Technically and legally the coal operators, corporations and peace officers of Harlan County on trial here at London are charged with a criminal conspiracy to nullify the Wagner Act. Actually, however, it is the political and economic system of that rich soft-coal field which is at the bar. For in Harlan County, as nowhere else in the county, except possibly on the cotton plantations of the Deep South, the visitor encounters feudalism and paternalism which survive despite all efforts to break them down. For years the county has been known as “bloody Harlan.” It is feud country, and last year there were sixty murders within its precincts. But Harlan has no monopoly on violence and bloodshed; its designation is due rather to the fact that much of the bloodshed has been directly connected with the struggle between miners and operators and with union organizations. Because of the national interest in that warfare its troubles have received more attention than other outbursts in the feud belt. Within Harlan County, which lies in the southeastern corner of Kentucky on the Virginia border, are some 70,000 inhabitants. From 16,000 to 18,000 men work in the mines and produce from 14,000,000 to 18,000,000 tons of coal, worth $45,000,000 each year. This is more than a third of Kentucky’s total bituminous production and, while only a drop in the national total, it is of sufficiently high quality and is produced so cheaply under existing labor conditions that it is a strong competitor with the product of other fields. It is that fact, more than the hope of swelling its treasury with several thousand new members, each paying dues of $1.50 a month, which is responsible for the determined effort now being made by the United Mine Workers to organize the Harlan miners. Unless this effort succeeds, the union fears it will lose its recognition in neighboring coal fields, where operators are complaining that they cannot maintain union standards unless Harlan County’s operators are brought into line. Prior to 1911 Harlan County was a quiet rural community of small mountain farms. The chief industry was agriculture and logging, with a little moon shining. Even then it was known that beneath the ridges lying between Pine and Black Mountains, along the forks of the Cumberland River, there was wealth in the form of soft coal such as was needed for the manufacture of steel. There was no way, however, of getting it out to the Great Lakes. Then the railroad came. Overnight the characteristics of the countryside changed. Here and there the beautiful green hills were defaced by the winding conveyors over which the minded coal is carried from the drift mouth or mine opening in the hillside to the tipple, where it is broken and sorted and sized alongside the railroad tracks. Great piles of black waste and excavated earth began making their appearance on the hillsides, and from neighboring counties there came a swarm of farm boys and men, lured by the hope of high pay. There were no towns, no houses for the miners, except those the coal operators built, and thus there came into being the company town and the company store. As the coal industry grew in Harlan County, local capitalists got in on the ground floor. Among them was R. W. Creech, a patriarchal old gentleman with mustaches which spread a full eight inches on either side of his nose. He had been a lumberman before the railroad came, floating his logs down the river. To him his employees are like children, to be cared for and kept in order. He is one of the defendants in the conspiracy trial. Others among the defendants flocked into Harlan County in the early days of the industry. Among them were many who went there to escape labor troubles in other fields. They brought with them a bitterness against Unions that has never died.The camps they built for their laborers had moral standards on a par with the standards of the environment. Red liquor was drunk in Homeric quantities and fights were common. The county disclaimed responsibility for policing the mine camps, and there grew up the practice of hiring a special policeman and having him deputized by the Sheriff to lend the authority of law to his six-shooter. Even now the mining camps of Harlan County are no week-end resorts for sissies. The industry of the peace officers in rounding up drunks on Saturday night is prodigious. The fine, usually amounting to $19.50, is often paid by the company employing the prisoner and then deducted from his pay. In the four years ended last Jan. 1, the records show that 14,000 persons went to the lock-up at one time or another-a profitable guadrennium for the jailer, who is allowed 75 cents a day for feeding each prisoner. A good manager can do it for considerably less.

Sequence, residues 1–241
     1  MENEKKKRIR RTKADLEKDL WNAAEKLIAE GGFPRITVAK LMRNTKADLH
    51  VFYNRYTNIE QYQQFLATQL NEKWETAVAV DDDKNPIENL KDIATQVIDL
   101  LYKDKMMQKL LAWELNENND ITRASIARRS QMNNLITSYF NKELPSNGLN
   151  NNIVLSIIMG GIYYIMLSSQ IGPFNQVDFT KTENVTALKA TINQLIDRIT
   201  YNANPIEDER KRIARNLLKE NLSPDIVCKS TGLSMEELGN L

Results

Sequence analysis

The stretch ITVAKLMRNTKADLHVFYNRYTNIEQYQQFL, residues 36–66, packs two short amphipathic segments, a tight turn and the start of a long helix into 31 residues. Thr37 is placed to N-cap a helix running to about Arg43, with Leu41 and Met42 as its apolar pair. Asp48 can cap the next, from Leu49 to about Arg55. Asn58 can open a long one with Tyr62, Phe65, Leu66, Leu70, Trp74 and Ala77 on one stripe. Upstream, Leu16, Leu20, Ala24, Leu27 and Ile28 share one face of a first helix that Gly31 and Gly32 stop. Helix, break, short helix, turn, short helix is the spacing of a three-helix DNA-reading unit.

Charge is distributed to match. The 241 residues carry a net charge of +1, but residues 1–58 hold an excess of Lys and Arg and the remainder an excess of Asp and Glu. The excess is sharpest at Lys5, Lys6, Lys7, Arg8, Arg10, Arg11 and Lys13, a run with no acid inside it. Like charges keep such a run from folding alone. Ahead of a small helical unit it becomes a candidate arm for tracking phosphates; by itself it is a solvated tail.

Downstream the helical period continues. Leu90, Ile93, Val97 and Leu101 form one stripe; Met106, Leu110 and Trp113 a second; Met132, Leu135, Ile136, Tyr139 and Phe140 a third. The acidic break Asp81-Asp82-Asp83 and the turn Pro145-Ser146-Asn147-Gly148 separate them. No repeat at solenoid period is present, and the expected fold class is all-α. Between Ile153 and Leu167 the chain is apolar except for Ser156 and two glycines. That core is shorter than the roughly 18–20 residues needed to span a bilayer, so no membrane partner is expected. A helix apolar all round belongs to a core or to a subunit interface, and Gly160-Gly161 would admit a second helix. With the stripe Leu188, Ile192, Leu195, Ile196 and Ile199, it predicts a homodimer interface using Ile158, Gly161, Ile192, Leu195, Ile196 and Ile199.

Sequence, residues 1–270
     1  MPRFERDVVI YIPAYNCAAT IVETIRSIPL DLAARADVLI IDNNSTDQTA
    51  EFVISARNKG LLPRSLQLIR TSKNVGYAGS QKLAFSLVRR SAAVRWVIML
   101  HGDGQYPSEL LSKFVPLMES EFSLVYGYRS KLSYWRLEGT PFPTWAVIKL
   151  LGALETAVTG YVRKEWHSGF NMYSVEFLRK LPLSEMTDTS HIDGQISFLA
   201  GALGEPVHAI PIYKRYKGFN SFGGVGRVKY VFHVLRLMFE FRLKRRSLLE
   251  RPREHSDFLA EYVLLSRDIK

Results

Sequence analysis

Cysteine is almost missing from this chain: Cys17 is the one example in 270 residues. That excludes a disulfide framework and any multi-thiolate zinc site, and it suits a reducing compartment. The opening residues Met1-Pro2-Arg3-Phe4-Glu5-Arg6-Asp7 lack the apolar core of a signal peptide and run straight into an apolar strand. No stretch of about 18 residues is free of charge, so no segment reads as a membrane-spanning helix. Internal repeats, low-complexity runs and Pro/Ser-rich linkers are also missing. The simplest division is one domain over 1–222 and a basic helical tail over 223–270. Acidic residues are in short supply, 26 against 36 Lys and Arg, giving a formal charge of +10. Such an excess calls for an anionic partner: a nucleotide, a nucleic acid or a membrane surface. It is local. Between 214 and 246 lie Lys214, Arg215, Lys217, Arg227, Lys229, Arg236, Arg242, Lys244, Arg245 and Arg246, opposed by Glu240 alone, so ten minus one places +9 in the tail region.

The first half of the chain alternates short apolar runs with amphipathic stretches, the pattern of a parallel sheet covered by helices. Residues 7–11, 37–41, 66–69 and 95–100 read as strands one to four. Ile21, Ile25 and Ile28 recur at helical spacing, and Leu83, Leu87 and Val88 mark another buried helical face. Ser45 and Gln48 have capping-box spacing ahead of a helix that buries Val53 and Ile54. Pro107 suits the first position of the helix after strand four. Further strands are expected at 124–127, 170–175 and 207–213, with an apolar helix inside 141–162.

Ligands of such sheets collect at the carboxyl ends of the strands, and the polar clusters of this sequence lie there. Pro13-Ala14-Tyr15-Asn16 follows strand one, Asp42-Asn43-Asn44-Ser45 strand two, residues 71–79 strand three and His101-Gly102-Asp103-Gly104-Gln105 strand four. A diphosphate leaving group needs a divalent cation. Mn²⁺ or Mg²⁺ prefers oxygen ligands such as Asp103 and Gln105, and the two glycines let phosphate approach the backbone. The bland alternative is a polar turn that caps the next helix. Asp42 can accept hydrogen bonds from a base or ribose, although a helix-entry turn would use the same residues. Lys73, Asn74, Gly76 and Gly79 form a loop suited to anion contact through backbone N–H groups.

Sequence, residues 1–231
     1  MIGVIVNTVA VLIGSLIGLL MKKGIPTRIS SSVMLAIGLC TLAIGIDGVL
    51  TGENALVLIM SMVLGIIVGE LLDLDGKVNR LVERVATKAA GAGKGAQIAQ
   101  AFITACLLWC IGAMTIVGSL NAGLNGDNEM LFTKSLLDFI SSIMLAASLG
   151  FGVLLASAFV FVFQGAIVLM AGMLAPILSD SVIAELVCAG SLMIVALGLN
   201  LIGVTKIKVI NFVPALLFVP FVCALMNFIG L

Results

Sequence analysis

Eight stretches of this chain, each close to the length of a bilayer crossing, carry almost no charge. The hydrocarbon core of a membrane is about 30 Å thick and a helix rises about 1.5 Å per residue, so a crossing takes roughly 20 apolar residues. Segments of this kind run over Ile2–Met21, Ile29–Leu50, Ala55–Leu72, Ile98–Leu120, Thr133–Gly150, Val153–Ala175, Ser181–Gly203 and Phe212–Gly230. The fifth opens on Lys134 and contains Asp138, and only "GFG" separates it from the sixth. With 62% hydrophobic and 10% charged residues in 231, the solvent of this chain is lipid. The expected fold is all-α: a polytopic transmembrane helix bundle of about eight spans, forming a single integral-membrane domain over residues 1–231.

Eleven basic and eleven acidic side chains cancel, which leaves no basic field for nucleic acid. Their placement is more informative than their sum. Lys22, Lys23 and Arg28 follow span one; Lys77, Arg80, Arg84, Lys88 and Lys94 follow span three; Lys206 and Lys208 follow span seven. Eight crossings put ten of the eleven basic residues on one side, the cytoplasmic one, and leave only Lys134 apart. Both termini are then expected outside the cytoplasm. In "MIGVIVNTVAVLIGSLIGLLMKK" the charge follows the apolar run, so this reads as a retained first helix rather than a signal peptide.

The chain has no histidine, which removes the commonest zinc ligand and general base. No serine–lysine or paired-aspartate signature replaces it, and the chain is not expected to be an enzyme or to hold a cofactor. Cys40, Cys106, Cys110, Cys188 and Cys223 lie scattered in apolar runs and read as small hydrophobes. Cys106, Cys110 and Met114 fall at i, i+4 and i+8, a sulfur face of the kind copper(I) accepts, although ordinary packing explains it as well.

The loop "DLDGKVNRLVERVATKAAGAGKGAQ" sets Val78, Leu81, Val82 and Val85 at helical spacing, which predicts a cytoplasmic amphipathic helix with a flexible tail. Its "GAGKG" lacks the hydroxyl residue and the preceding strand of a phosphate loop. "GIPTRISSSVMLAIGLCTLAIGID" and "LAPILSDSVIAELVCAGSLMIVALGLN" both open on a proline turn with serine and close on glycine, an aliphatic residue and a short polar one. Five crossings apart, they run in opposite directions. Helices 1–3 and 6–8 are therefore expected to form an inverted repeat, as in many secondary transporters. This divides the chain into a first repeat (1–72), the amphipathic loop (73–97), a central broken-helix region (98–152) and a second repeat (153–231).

For years the operators had everything their own way. But Harlan’s position in the coal business and the number of unorganized miners there were not over-looked by the Unions. There were repeated efforts to Unionize the district, and for years the Unionized miners and the operators have been engaged in a bitter feud, with not all the violence directed at the miners. Back in 1931, when the United Mine Workers made an abortive effort to organize the Harlan field, there was competition for members among several rival unions, including one said to have been dominated by Communists and members of the I.W.W. In this period there was an epidemic of burglary of company stores and thefts of dynamite and copper from the companies, which was blamed on union members and organizers. The company put Sheriff’s deputies on their payrolls, and the killing of such deputies in a battle with strikers led to the “reign of terror” which union men say has been set up against them. With the passage of the NRA, the Guffey Act and, finally, the Wagner Act, outsiders came in to organize the miners, and agents of the Federal Government stepped in. The world of the Harlan County coal barons began to topple. The United Mine Workers have succeeded in negotiating contracts with ten of the forty-two mines operating in Harlan County, and today the union has a office in the town of Harlan, and its field workers travel about without molestation as long as they stay off non-union company property. Although only about a fourth of the county’s population works in the mines, nearly everybody in the county is dependent, directly or indirectly, on them.